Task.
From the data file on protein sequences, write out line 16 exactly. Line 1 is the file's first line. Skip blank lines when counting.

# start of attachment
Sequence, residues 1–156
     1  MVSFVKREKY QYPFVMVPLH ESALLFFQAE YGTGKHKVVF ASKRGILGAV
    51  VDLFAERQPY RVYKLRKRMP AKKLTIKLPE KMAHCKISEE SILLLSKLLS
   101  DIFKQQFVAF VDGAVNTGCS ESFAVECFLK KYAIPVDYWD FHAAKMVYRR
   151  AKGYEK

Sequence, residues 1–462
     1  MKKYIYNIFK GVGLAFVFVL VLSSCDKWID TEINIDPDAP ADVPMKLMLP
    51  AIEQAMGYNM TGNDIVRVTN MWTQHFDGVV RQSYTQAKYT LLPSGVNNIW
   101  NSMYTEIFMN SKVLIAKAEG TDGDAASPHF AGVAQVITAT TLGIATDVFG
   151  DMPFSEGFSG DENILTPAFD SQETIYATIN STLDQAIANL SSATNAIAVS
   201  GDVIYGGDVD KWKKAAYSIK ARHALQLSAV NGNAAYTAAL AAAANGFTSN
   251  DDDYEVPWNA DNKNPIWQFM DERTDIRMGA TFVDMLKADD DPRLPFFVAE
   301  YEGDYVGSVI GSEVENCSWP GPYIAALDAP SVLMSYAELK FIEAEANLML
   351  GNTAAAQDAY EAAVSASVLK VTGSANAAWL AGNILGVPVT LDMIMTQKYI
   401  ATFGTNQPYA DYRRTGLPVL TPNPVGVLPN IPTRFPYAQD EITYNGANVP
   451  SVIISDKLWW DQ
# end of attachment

   451  SVIISDKLWW DQ